Implicit conversions with classes

In the world of classes, implicit conversions can be controlled by means of three member
functions:
 Single-argument constructors: allow implicit conversion from a particular type to
initialize an object.
 Assignment operator: allow implicit conversion from a particular type on assignments.
 Type-cast operator: allow implicit conversion to a particular type.

For example:
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// implicit conversion of classes:
#include <iostream>
using namespace std;

class A {};

class B {
public:
// conversion from A (constructor):
B (const A& x) {}
// conversion from A (assignment):
B& operator= (const A& x) {return *this;}
// conversion to A (type-cast operator)
operator A() {return A();}
};

int main ()
{
A foo;
B bar = foo; // calls constructor
bar = foo; // calls assignment
foo = bar; // calls type-cast
operator
return 0;
}



The type-cast operator uses a particular syntax: it uses the operator keyword followed by the
destination type and an empty set of parentheses. Notice that the return type is the destination
type and thus is not specified before the operator keyword.


Keyword explicit
On a function call, C++ allows one implicit conversion to happen for each argument. This may
be somewhat problematic for classes, because it is not always what is intended. For example, if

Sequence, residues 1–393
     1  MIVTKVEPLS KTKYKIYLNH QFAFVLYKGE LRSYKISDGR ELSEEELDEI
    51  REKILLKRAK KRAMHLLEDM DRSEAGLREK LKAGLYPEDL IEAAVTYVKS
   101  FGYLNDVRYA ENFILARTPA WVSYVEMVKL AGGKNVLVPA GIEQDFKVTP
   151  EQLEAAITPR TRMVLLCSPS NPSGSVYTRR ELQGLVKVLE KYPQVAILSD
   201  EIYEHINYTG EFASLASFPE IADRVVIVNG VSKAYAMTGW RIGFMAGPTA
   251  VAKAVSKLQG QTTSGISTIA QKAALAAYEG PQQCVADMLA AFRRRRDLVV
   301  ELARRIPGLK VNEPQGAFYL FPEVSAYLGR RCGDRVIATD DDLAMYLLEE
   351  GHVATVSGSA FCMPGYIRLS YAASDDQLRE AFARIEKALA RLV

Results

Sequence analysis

we add the following function to the last example:
void fn (B arg) {}


This function takes an argument of type B, but it could as well be called with an object of
type A as argument:
fn (foo);


This may or may not be what was intended. But, in any case, it can be prevented by marking the
affected constructor with the explicit keyword:
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// explicit:
#include <iostream>
using namespace std;

class A {};

class B {
public:
explicit B (const A& x) {}
B& operator= (const A& x) {return *this;}
operator A() {return A();}
};

void fn (B x) {}

int main ()
{
A foo;
B bar (foo);
bar = foo;
foo = bar;

// fn (foo); // not allowed for explicit ctor.
fn (bar);

return 0;
}


Additionally, constructors marked with explicit cannot be called with the assignment-like
syntax; In the above example, bar could not have been constructed with:
B bar = foo;


Type-cast member functions (those described in the previous section) can also be specified
as explicit. This prevents implicit conversions in the same way as explicit-specified
constructors do for the destination type.